Norm Matloff: It`s Not Just Cisco And Tata, It`s All Of Them!
July 08, 2008, 11:07 PM
A+
|
a-
Print Friendly and PDF
From Norm Matloff’s H-1B/L-1/offshoring e-newsletter.

Norm Matloff writes:

The enclosed article tells an interesting story, illustrating how companies are becoming ever more brazen in their use of foreign labor, here and overseas. You should read it—but I won't comment on its main content. Instead, I wish to focus on one passage:
Nielsen's layoffs also drew attention from CNN's Lou Dobbs, who has railed against the H-1B program. India offshore providers are major users of the H-1B visa, with Tata getting 797 of the visas in 2007. Opponents cite the visa's use in outsourcing to counter tech industry claims by Bill Gates and others that the visa is used to hire "the best and the brightest" foreign graduates of U.S. universities. Congress is currently struggling to find a middle ground through legislative efforts to give a Green Card, or permanent residency, to foreign nationals who receive advanced degrees from U.S. universities.[Tax break fuels anger over outsourcing-related layoffs in Fla., Patrick Thibodeau, Computerworld.com, July 1, 2008 ]
This is a standard line from the industry biggies, the Intels, Microsofts and so on: "Yes, there is abuse of H-1B by the Indian body shops, but we are responsible users of the program, hiring mainly foreign students at U.S. universities." This is extremely misleading.

Aside from the fact that there is no reason why the foreign students should be the "good" H-1Bs while the ones imported directly from India are "bad," the central point is that the mainstream industry firms widely abuse the program too.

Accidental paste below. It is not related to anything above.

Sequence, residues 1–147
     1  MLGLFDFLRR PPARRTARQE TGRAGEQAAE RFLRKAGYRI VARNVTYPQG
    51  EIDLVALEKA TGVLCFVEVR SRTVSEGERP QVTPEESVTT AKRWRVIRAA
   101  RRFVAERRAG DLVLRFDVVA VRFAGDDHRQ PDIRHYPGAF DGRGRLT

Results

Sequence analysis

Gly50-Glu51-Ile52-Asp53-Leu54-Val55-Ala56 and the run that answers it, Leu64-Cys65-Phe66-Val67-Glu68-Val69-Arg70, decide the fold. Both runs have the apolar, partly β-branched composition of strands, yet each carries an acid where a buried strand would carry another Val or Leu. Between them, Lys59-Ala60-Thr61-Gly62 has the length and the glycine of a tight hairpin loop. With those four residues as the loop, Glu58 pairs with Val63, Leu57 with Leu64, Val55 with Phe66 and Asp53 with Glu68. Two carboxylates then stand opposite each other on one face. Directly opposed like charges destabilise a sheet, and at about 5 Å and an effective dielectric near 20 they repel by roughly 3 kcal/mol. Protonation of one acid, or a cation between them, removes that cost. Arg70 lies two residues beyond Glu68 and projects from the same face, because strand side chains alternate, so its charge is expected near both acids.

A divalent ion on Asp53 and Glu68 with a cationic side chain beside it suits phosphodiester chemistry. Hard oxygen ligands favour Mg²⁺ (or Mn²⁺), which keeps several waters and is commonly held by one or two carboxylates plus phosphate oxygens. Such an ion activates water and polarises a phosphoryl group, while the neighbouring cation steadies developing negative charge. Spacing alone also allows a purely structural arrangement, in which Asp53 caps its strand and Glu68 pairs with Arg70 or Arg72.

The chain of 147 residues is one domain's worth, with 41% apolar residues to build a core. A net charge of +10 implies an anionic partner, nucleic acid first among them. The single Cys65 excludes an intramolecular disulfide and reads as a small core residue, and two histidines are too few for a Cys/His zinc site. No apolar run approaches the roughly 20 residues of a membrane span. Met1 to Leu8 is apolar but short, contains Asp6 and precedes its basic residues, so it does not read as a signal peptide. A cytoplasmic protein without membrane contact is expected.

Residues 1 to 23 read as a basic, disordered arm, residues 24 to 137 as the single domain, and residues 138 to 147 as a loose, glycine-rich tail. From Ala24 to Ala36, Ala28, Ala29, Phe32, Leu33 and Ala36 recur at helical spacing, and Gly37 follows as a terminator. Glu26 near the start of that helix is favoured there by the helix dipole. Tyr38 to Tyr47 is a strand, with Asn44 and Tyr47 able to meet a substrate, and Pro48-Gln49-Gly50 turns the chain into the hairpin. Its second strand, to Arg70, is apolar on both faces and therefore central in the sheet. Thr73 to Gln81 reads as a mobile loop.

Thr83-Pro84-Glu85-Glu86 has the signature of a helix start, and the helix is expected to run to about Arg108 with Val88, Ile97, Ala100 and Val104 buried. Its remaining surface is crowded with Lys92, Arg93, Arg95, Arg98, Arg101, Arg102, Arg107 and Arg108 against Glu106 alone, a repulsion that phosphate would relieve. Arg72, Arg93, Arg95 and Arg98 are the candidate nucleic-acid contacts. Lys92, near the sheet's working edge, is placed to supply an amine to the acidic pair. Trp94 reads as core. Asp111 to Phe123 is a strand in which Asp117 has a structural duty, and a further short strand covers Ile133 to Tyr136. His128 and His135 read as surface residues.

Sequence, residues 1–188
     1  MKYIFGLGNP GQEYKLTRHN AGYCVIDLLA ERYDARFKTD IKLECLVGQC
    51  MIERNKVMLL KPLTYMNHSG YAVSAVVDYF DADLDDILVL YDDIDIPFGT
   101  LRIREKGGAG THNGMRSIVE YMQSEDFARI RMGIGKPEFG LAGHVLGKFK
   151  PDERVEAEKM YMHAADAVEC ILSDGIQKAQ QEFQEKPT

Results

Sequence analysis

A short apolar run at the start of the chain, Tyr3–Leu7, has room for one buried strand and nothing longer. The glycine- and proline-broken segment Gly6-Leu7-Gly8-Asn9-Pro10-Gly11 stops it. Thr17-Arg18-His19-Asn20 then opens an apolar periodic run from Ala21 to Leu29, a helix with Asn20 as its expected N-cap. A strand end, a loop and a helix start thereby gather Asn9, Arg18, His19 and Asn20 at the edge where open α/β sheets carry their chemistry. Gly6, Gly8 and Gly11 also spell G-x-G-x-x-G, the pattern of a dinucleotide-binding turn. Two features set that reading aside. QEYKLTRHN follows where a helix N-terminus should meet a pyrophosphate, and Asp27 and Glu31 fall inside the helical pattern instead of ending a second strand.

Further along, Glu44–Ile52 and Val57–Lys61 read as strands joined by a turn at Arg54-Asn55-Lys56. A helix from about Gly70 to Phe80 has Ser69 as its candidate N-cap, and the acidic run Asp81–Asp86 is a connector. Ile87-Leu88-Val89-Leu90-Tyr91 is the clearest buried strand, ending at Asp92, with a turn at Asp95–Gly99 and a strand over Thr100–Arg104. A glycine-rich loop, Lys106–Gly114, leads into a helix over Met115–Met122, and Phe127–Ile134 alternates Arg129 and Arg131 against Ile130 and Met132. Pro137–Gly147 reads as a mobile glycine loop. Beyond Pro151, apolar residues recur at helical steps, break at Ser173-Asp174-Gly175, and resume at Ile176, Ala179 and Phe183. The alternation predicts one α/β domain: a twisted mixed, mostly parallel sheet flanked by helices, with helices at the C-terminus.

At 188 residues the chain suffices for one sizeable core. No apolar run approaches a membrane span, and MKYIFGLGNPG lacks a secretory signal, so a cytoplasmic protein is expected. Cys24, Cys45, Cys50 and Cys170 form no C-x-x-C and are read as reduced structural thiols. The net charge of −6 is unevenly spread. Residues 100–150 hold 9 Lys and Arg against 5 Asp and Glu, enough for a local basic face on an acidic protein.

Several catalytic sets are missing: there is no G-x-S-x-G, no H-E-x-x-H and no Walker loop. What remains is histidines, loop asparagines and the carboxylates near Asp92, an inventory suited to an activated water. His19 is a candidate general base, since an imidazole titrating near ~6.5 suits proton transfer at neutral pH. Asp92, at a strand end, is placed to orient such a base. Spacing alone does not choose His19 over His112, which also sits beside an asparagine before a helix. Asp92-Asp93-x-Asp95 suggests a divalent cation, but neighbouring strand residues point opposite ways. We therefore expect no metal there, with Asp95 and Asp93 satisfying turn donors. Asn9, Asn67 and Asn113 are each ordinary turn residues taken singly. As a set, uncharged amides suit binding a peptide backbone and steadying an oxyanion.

A case in point was shown in my earlier  posting , with Cisco Systems. Cisco ran a job ad specifying that only American workers could apply—yet referred all applicants to one M.E. Clarke, who turned out to be with Cisco's immigration law firm, Fragomen, Del Rey, Bernsen & Loewy, LLP. It was a fake ad with a fake claim that the job was open only to Americans. This is a great, immediately understandable, public example that I will use frequently from now on, but all of us in this business have seen this happen many times over the years.

When "TubeGate" came out—the videos of a well-known Pittburgh immigration law firm showing its clients how to exploit loopholes in H-1B and green card law—I published a partial list of the firm's clients, and pointed out that these were mostly mainstream firms in and around Pittsburgh, such as Westinghouse, Marconi, PNC Financial Services, Bayer, and so on. See  Cohen & Grigsby and the prevailing-wage scam

WashTech has exposed several major incidents of duplicity by Microsoft regarding H-1B and offshoring. SeeMicrosoft claim belied by internal documents and More on Microsoft deception re H-1B.

Get the picture? It's not just the Indian body shops; it's Cisco, it's Microsoft, it's everyone. As I've said before, it's just like the tax code. Every firm, large or small, takes full advantage of loopholes in the tax code, and they do the same for loopholes in H-1B and green card law.

So if Congress is indeed trying to find a middle ground based on the premise that the mainstream American firms are responsible and the Indian body shops are the abuses, this won't solve the problem at all. As I have explained before, the "automatic green card" proposals for foreign students would have just as much adverse impact on U.S. citizens and permanent residents as would increasing H-1B. That so-called "middle ground" approach would in fact likely make things even worse, as it would create its own demand, with more and more foreign students coming here, attracted by free green cards.

The above passage also says that we opponents counter the industry's claim that it hires "the best and the brightest" by pointing to the fact that many H-1Bs are used to faciliate offshoring. This is false. We do point to this fact, but as a response to another industry line, "If we can't import H-1Bs, we'll have to export the work itself, sending it offshore"—not as a counter to the industry's argument that the H-1Bs are geniuses. The latter claim is easily seen to be false, by simply looking at H-1B salaries, which (even accounting for underpayment) are nothing like genius-level pay. This has been known in rough form for years, and I quantified it in my recent CIS article; see H-1Bs:  Still Not the Best and the Brightest

Norm